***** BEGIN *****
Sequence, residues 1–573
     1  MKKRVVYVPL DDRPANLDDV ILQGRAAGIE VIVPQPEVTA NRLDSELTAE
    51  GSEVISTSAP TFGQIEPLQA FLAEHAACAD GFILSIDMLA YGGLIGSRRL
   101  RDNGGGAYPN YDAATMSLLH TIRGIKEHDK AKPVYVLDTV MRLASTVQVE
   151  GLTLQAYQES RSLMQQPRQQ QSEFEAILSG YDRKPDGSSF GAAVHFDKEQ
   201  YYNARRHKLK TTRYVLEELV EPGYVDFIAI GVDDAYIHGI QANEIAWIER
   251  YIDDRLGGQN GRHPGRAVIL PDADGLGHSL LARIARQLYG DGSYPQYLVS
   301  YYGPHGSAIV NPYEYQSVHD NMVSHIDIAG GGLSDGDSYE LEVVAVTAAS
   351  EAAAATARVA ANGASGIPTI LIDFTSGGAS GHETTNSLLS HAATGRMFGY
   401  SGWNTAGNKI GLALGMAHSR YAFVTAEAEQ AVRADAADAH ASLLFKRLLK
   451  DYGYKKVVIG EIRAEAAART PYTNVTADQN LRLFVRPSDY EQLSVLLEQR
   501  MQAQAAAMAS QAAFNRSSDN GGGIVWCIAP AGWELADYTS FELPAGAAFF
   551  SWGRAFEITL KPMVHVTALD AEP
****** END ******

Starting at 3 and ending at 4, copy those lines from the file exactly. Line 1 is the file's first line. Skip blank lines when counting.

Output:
    51  GSEVISTSAP TFGQIEPLQA FLAEHAACAD GFILSIDMLA YGGLIGSRRL
   101  RDNGGGAYPN YDAATMSLLH TIRGIKEHDK AKPVYVLDTV MRLASTVQVE